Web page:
Sign In
Basket 0 Items


Sign In
Basket 0 Items


Sunday 28 February 2021: Lent 2

It’s going to be tough!

Genesis 17:1-7, 15-16; Romans 4:13-25; Mark 8:31-38

By Rosemary Wakelin

Supernumerary Methodist minister

Context: an older congregation in a Norfolk Country town

Aim: to remind the congregation that following Jesus is not an easy ride

Today’s Lectionary starts with Abraham, ‘human father of all nations,’ and a reminder of the enormous debt we owe to Judaism. In a pagan world of many gods Abraham was open to the One Creator and came into a covenant relationship with him. And Judaism was born, to be a chosen people through whom all the world would be blessed. Later the guiding principles of the Law were given through Moses. By the time Jesus came on the scene, Judaism was well established and minutely organised. But God had been privatised and the bit about the world side-lined. There must have been many who did maintain that loving relationship with God, but it seems the powerful hierarchy were more interested in administering the Law, which had tended to smother relationship.

I wonder when Jesus started his ministry whether he hoped that the theologians would recognise him? But he quickly realised that this was not going to happen. They already had their pattern for Messiah. Although implicit in some prophetic writings, particularly those relating to Isaiah’s Suffering Servant, Jesus’s revolutionary understanding of power was in direct opposition to the human understanding of power. So, we come to the heart of the matter: the Power of Love versus the love of power. In the passage immediately preceding today’s Gospel Peter’s recognition of Jesus’s Messiahship was wonderful, but he had his own understanding of what that involved, and it certainly did not include getting crucified. Jesus’s reaction to Peter’s rebuke surely echoes his Temptations which were all about human ideas of power, and which he had rejected, choosing instead to make Love work.

It requires only a superficial knowledge of Church history to realise that the Church down the centuries has been far more in tune with Peter’s ideas than with those of Jesus. But there have always been people who have understood, often at great cost, and got it right. Today’s painful Gospel reading shows Jesus being devastatingly honest: God’s Kingdom of Love comes at a terrible cost. He uses the ghastly image of carrying your cross to make his point. We are so familiar with the crucifixion story that we brush over its barbarous brutality. Jesus is being clear-eyed and facing facts. One of the saddest aspects of the Gospel story is that it was not the pagan power of Rome but the religious elite – the good Church people of Jesus’s day – who manipulated a foreign death sentence to get rid of the one person who had demonstrated how their God wanted his chosen people to live. The original ‘relationship’ of Covenant Love and trust had got lost in a power-driven legalism.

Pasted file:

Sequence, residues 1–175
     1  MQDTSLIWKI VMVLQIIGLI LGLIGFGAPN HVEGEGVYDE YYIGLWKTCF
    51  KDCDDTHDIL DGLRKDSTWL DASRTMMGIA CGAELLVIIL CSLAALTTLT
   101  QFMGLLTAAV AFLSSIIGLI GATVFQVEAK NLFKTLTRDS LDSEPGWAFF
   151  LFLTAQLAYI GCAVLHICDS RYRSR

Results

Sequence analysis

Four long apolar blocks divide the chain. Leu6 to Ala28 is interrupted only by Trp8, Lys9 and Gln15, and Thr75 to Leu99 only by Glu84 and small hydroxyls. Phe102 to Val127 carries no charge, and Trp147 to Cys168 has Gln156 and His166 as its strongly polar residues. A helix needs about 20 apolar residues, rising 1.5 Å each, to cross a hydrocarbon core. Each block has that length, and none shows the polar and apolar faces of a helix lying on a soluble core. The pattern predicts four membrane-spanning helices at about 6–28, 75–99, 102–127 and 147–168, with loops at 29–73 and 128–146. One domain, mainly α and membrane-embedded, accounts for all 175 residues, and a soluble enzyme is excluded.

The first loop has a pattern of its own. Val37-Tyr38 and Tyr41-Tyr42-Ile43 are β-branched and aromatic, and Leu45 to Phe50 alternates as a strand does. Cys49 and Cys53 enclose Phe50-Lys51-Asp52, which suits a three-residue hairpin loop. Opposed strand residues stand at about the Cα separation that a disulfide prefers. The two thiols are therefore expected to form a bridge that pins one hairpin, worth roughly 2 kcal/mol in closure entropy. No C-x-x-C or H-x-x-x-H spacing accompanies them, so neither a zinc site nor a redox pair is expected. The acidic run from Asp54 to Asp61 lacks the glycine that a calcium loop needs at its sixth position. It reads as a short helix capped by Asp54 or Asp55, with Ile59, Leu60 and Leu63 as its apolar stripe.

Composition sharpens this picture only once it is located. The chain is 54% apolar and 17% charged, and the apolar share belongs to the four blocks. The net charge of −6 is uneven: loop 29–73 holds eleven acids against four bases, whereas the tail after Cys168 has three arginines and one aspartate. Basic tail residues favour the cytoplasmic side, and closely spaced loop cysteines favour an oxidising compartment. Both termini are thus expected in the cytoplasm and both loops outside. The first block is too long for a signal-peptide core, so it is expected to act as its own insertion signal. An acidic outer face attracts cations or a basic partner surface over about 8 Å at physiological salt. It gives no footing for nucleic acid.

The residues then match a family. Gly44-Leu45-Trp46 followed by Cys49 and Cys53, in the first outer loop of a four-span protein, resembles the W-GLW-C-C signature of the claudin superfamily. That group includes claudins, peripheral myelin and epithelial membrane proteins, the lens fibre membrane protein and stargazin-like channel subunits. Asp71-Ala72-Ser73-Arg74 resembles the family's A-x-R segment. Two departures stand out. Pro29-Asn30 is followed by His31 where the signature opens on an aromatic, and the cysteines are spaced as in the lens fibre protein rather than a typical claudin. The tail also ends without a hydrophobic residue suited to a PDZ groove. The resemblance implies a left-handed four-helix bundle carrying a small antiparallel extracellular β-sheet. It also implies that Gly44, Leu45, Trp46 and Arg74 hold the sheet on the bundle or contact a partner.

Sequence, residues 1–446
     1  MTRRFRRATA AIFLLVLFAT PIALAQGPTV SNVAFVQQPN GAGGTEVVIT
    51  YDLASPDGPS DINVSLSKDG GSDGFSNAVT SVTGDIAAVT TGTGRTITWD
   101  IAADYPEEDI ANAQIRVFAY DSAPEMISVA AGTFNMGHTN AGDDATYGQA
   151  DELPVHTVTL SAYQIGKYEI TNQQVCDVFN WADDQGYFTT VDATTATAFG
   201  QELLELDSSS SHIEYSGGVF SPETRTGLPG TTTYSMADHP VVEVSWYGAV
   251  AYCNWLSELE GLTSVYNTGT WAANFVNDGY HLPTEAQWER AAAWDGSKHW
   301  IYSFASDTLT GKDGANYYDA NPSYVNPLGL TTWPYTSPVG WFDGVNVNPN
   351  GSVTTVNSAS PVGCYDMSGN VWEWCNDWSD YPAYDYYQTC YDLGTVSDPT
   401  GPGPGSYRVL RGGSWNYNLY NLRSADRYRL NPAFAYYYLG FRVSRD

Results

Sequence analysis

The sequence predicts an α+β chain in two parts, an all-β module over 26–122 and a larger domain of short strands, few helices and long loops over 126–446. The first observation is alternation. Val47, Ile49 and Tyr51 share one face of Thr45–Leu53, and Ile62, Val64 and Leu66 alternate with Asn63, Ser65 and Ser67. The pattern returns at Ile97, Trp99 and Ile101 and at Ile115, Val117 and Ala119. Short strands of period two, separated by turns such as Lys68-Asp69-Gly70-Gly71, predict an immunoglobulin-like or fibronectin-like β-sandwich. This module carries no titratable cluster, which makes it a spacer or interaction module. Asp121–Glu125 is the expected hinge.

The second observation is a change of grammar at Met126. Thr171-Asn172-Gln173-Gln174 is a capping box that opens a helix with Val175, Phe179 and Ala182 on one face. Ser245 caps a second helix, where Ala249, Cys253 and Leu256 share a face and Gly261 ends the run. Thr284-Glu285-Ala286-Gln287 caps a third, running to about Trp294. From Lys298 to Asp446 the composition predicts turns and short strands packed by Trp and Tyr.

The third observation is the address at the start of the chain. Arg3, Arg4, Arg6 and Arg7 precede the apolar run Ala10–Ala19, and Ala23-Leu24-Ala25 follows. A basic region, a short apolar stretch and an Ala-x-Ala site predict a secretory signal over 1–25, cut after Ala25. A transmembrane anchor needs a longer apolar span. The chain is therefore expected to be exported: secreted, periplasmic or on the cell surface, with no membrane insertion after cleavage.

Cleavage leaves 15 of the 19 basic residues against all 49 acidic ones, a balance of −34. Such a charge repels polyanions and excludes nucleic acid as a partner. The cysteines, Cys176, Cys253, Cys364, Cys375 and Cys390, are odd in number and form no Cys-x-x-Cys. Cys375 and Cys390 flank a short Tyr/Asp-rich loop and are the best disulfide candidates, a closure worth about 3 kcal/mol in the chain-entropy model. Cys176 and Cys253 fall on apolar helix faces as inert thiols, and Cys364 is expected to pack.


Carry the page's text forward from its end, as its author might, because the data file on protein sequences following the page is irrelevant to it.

The shaky Little Rock of Peter’s Faith foreshadows the story of the Church. But we are also the heirs of his misunderstanding. His faith was rightly placed in Jesus, who was and is the true Rock, the Cornerstone on which the Kingdom is built. ‘Christ is made the sure foundation.’ We shuffle along, wanting to do things the Jesus way but still clinging to our trust in the world’s accepted pathways to power.

There are innumerable examples of people who have risked the Jesus way, often involving great suffering. But one which reached the world stage must be the ‘Truth and Reconciliation Commission’ in South Africa. When Nelson Mandela emerged from 27 years in prison, I think many expected a blood bath. Instead, with Bishop Desmond Tutu, a new thing happened. Hitherto violent enemies were facing each other, saying sorry for atrocities, and offering forgiveness; and things were able to move forward for a little while. It can be done, but Jesus’s stark message is still that it is costly.

Last year’s pandemic thrust the Church out of buildings and comfort zones. New ways have emerged. We are out in the marketplace with power-mongers, fake news, commerce. But the message is the same: the Kingdom for which we are made is not built on the love of power but on the Power of Love. Stories of love in action emerge often from non-Christian sources. The Spirit works where there are those who let her. There are Scribes and Pharisees alive and well in the Church today who are far more interested in ticking boxes than in risking the Jesus way. There are many who have been badly hurt by Church people.

God works through people who are willing to let love in. Whether or not they are signed-up Christians doesn’t seem to bother God. Perhaps there will be some surprises in heaven as new arrivals exclaim, ‘Was it you all the time and I didn’t realise?’

In the meantime, thank God for the Church, Christ’s body on earth; and thank God that, in spite of all our mistakes, the world belongs to God and our job as his family is to bear the family likeness.

You take the stuff of chaos, fear and dread
And make a path that we must bravely tread
And follow where your gracious footsteps lead
To share the work to meet each other’s need.

Welcome to The College of Preachers

To explore the website fully, please sign in or subscribe.

Non-subscribers can read up to three articles a month for free. (You will need to register.)

This is the last of your 1 free articles this month.
Subscribe today for the full range of resources from The College of Preachers, including Lectionary sermons for every Sunday, book reviews and more.